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Nitrate and Nitrite

Nitrogen is one of the main elements making up the cell organism that is in the process of formation of protoplasm. Nitrogen often in limited quantities in the waters, especially tropical areas. Shortage of nitrate in the water can inhibit the growth of aquatic plants, although other nutrients are in abundant quantities (Hunter, 1970 in Patadjal, 1993). Nitrogen in the waters mostly in the form of nitrite ions and nitrate ions, then with the help of bacteria that have the ability to change nitrites and then to ammonia nitrate widened through the reduction process, so that the process of assimilation of ammonia by aquatic plants can take place.

Nitrate and nitrite first reduced before it is used by the cells of algae. While ammonia is usually used directly for the synthesis of amino acids through a process transamilasi (Coolos and Slawyk, 1980 in Patadjal, 1993). Nitrates are also a type of nitrogen that is very soluble in water and are stable resulting from the complete oxidation of nitrogen compounds in the water. Increased levels of nitrates in the sea due to the influx of domestic or agricultural waste generally contains a lot of nitrate.

According to Morris (1974) in Patadjal (1993) algae have a tendency to first use the N-inorganic and urea, and dissolved organic N will only be used if the source or form another nitrogen konsentasinya already very low. Nitrate is used for metabolism by the enzyme nitrate reductase produces. The formation of the enzyme nitric requires a long time, so that the rate of nitrate-making is very slow compared to the rate of ammonia retrieval that does not require enzymes in utilization.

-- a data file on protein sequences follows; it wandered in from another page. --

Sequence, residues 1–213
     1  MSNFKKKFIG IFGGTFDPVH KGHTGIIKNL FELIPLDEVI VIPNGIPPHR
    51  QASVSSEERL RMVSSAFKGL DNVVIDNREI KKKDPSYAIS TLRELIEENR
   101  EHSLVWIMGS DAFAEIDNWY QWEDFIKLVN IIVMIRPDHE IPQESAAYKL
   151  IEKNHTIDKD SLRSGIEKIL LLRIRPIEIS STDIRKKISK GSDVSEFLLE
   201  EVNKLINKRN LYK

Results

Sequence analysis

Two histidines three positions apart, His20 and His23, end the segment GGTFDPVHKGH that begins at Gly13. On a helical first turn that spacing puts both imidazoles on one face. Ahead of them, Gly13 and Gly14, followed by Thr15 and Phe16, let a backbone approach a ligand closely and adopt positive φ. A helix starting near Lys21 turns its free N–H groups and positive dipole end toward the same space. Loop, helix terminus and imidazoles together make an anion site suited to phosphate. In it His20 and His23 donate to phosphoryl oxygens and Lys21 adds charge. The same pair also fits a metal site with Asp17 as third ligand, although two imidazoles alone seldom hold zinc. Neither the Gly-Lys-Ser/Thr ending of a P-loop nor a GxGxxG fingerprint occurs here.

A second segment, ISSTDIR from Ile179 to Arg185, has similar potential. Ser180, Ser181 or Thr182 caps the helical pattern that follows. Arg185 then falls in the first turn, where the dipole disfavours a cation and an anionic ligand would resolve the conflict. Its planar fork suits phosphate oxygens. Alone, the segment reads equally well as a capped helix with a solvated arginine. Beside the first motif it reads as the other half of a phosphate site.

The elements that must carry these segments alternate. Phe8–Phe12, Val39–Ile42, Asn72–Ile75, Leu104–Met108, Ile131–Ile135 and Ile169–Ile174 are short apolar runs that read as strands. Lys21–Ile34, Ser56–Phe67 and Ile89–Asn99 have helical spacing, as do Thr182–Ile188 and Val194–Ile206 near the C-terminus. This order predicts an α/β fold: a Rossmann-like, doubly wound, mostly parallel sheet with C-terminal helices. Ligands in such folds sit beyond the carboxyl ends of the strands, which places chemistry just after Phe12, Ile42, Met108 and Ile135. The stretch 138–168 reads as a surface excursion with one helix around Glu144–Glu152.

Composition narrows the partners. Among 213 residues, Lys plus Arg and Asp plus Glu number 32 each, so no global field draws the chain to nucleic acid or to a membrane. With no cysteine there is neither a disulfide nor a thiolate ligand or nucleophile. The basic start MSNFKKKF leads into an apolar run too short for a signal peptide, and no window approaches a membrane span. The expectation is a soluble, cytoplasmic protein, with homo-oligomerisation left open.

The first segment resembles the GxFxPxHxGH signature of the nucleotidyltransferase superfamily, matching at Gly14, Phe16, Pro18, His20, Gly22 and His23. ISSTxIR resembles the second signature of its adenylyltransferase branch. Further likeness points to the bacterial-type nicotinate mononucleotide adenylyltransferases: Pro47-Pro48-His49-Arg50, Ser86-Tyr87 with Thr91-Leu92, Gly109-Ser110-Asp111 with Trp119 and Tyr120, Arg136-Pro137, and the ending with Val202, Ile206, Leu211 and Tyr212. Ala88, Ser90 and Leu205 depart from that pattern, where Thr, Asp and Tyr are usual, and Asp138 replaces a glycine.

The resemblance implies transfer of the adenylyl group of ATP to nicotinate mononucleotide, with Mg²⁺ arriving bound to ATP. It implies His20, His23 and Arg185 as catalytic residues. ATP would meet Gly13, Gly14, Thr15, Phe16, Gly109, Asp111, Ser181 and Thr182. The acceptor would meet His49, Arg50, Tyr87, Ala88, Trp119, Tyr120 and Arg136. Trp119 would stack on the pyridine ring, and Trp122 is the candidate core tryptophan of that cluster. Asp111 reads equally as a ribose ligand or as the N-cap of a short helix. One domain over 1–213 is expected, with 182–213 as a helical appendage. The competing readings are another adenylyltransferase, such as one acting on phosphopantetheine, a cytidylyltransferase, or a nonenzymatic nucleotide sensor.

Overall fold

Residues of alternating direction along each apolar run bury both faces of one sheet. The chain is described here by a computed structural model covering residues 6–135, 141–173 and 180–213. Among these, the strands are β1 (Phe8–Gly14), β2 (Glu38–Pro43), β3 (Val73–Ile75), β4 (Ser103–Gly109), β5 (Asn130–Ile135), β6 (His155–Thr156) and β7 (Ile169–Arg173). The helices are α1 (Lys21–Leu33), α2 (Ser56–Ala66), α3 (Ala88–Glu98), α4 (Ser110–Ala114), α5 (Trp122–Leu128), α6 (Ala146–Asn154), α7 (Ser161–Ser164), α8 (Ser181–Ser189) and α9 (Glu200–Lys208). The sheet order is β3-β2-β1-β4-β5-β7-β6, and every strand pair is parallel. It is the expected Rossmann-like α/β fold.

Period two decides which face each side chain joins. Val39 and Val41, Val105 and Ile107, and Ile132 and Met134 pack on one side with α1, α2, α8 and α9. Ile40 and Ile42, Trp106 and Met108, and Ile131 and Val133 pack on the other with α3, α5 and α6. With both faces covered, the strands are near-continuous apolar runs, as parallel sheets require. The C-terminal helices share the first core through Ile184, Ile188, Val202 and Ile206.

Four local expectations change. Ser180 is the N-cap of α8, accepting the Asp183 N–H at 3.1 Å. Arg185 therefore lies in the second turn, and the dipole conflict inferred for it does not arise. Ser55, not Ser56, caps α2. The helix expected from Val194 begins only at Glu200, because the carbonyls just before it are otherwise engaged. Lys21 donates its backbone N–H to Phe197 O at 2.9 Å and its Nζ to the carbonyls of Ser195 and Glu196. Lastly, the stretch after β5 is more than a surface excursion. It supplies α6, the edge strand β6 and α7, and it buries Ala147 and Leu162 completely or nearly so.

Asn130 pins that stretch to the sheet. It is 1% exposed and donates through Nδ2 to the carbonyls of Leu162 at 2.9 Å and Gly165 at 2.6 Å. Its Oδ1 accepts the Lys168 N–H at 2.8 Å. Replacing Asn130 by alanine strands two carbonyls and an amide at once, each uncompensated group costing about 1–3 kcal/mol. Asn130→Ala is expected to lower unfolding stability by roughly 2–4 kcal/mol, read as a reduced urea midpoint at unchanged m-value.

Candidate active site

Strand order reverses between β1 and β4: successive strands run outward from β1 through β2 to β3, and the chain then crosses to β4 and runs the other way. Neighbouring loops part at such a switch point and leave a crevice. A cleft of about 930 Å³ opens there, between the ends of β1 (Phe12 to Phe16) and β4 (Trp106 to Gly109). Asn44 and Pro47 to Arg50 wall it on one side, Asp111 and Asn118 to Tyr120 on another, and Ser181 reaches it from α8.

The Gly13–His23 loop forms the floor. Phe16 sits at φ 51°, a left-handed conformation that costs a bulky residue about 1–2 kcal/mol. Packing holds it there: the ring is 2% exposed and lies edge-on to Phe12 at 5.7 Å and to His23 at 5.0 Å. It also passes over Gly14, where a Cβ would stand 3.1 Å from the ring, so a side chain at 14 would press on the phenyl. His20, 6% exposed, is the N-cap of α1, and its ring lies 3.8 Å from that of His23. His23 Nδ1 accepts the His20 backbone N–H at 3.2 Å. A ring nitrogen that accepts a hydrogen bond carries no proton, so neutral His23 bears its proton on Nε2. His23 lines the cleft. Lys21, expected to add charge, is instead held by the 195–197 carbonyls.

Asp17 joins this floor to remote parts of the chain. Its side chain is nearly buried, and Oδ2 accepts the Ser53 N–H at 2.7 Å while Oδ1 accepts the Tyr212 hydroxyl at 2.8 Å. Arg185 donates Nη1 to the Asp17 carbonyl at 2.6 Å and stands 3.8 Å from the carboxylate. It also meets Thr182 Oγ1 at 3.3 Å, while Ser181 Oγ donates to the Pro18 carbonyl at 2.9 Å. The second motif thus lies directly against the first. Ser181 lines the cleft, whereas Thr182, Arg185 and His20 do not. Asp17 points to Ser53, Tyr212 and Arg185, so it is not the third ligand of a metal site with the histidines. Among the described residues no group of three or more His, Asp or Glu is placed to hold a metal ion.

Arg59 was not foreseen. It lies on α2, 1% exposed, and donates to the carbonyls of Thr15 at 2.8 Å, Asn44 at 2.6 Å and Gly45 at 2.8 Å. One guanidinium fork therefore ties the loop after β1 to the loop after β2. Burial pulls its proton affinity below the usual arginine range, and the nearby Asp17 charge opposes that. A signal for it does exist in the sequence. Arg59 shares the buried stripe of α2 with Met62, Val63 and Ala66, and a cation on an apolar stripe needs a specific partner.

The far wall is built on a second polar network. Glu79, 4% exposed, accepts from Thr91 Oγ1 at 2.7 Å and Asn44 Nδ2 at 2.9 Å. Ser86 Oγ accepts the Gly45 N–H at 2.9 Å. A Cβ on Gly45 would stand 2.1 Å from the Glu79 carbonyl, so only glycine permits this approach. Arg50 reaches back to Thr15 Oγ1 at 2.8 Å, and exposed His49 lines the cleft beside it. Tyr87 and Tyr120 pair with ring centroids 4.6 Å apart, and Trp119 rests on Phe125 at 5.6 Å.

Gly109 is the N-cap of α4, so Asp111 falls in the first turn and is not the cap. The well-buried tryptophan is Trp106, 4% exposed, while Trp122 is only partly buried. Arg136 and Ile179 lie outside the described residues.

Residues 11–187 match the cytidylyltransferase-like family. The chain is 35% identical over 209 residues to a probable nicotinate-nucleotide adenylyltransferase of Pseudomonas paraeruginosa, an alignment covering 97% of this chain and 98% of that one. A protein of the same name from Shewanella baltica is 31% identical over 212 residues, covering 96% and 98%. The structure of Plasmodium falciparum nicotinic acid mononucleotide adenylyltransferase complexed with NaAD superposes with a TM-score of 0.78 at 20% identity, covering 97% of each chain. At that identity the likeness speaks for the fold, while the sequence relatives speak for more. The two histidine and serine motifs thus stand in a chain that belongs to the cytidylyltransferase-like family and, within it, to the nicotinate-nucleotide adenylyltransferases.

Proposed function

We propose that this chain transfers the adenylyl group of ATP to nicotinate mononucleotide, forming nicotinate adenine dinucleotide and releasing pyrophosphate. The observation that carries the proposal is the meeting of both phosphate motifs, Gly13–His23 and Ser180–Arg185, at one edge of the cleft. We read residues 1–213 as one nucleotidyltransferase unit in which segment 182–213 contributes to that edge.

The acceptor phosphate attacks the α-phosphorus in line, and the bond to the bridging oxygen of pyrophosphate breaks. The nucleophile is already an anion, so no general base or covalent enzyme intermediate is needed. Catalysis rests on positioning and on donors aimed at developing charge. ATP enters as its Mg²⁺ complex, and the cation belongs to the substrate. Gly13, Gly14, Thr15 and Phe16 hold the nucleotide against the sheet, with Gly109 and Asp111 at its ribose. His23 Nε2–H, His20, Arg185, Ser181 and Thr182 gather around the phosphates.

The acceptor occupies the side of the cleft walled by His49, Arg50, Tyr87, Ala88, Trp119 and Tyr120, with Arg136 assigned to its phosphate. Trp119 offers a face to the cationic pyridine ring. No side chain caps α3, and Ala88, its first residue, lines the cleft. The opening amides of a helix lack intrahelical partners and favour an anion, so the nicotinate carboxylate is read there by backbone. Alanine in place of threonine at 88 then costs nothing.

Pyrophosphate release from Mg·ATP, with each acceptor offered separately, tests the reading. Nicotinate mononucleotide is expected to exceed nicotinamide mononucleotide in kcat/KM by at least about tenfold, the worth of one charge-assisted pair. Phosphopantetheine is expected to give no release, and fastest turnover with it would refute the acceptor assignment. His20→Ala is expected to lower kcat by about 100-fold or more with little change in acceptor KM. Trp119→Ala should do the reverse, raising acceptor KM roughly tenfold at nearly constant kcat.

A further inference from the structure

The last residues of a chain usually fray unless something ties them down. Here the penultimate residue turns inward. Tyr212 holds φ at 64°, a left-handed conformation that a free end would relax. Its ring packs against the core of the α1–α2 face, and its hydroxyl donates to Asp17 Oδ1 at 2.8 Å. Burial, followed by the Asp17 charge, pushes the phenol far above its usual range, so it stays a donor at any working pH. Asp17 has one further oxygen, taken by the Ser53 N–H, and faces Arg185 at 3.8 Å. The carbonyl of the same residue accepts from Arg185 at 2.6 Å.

Nitrate reductase enzyme levels are very low in algae that live in waters with low nitrate concentrations. High ammonia concentrations in the water will cause the formation of the enzyme nitrate reductase inhibition on algae. In addition to nitrate and ammonia, algae can also use nitrites and hydroxyl amine to the process of metabolism. Nitrite compounds contained in sea water is the result of the reduction or oxidation of ammonia nitrate compounds by microorganisms.

Nitrite is usually found in very small quantities of natural waters, the levels are smaller than the nitrates because it is unstable. This concentration can increase towards the coastal waters and estuaries. Increased levels of nitrite at sea is closely related to the influx of organic material that easily explained (both of which contain nitrogen and nitrate). Thus the nitrite compound is one indicator of pollution (Hutagalung et al., 1997). Research Dawes et al., (1974) showed a high carrageenan content value in the summer, when the rate of photosynthesis is high and low nitrogen levels. Instead, in the spring of carrageenan levels low, while the optimal environmental conditions for growth and higher nutrient supply.